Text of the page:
Markets for recycled high-density polyethylene (HDPE) in the United States have been stable throughout much of 2016, both in terms of supply and demand, according to industry sources.
However, virgin capacity that will be coming online in the near future in the United States that is intended in part to serve export markets could disrupt this stability, causing pricing and potentially demand for recycled HDPE to dip in the short term.
Relative stability in pricing
“The supply of HDPE mixed colour and natural bottles has been relatively steady over the last three months,” says Jason Stephens, a broker with BlackBridge Investments, New York City, referring to the U.S. market.
“We’re actually processing a little more material this year than last year,” says Scott Saunders, general manager of the recycling division of Troy, Alabama-based KW Plastics, a reprocessor of HDPE, medium-density polyethylene (MDPE) and polypropylene (PP).
KW Plastics has more than 100 million pounds in silo capacity and equipment to process more than 1 billion pounds of plastics annually. The company’s extrusion lines range from 6 inches up to 12 inches with single- and twin-screw extruders.
As 2015 drew to a close, the U.S. supply of natural HDPE bottle bales was tight, running up the price for that material, he says. That was followed by a 6-to-8-cent drop in HDPE pricing at the beginning of this year. Saunders says that correction affected KW Plastics, interrupting shipments. However, prices have stabilised and have even increased on the virgin side in September, he says.
In recent months, recycled HDPE pellet prices have stayed in the lower end of their normal trading range, Saunders says, reflecting the stability of HDPE bottle bale pricing. “HDPE prices really have not fallen to the lows of PET (polyethylene terephthalate), paper or metals,” he says.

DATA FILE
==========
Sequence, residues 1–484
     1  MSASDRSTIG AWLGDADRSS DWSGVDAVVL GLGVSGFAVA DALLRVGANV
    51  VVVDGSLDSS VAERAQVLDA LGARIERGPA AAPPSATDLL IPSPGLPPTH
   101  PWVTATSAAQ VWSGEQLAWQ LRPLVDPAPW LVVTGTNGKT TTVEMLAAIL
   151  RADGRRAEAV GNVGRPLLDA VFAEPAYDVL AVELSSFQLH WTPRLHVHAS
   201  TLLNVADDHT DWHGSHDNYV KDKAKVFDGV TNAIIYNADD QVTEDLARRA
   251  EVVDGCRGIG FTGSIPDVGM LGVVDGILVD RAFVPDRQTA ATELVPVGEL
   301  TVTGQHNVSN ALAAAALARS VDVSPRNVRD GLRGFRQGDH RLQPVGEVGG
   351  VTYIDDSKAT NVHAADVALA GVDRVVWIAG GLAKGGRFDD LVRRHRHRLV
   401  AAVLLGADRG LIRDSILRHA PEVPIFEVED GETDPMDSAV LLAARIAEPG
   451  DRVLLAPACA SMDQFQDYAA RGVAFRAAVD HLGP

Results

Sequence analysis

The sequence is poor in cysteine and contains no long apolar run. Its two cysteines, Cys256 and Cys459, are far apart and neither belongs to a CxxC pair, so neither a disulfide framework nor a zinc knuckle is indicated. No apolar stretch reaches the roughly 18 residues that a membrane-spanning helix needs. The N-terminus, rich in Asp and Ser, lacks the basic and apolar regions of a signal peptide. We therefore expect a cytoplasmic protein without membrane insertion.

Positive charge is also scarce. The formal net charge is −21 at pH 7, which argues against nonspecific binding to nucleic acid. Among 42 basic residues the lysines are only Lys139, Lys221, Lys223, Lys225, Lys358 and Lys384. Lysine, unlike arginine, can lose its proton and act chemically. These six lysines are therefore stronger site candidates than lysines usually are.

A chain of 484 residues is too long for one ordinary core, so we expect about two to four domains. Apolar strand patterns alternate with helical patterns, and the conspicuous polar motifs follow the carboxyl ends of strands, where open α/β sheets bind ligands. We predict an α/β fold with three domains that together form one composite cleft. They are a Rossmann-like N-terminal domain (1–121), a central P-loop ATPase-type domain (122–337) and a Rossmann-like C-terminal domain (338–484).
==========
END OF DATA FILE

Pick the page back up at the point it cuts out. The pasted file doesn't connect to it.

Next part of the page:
Ed Handy, general manager of Plastic Revolutions, Reidsville, North Carolina, a recycling company that specialises in high-molecular-weight (HMW) plastics, such as drums, IBC (intermediate bulk container) totes, sheet and other dunnage materials, and that also processes postconsumer HDPE bottles, says he saw a price spike that ranged from 20% to 25% in October on incoming HDPE bottle bales. This increase likely was in response to the rise in virgin pricing, sources say. “It’s unsettling,” Handy says, “because we can’t get the price of our end product up.”
Handy says that increase in pricing caused him to turn to Mexico to purchase material. “When pricing spikes on postconsumer material here, the price is more competitive coming out of Central America,” he continues.
Handy says he hopes pricing for postconsumer bottles will stay true to its normal pattern, generally decreasing in November and not increasing again until February.
Regarding the nonbottle material that Plastic Revolutions purchases, he says pricing has remained stable or somewhat lower than it was one year ago.
Demand remains good
Jon Stephens, executive vice president of Avangard Innovative, Houston, says demand from reprocessors for the HDPE materials his company handles is “robust,” particularly when it comes to postindustrial material.
Broker Jason Stephens says demand for mixed colour and natural HDPE bottles has increased from mid-August through mid-October.
Demand also remains healthy for regrind and recycled pellets, with Saunders characterising domestic demand for KW Plastics HDPE pellets as “good.”
He adds, “We try to go into higher end applications. We do a good job of that with natural. Mixed colour is more challenging because of the colour variance. Every year we do a little better.”
While Handy agrees that demand for recycled pellets and for clean regrind is good, he adds, “Any time virgin plastic prices are depressed, the recycled price is depressed, even if there is big demand.”
However, that is not always the case when it comes to natural HDPE pellets and regrind, which can sell at a premium to virgin HDPE material.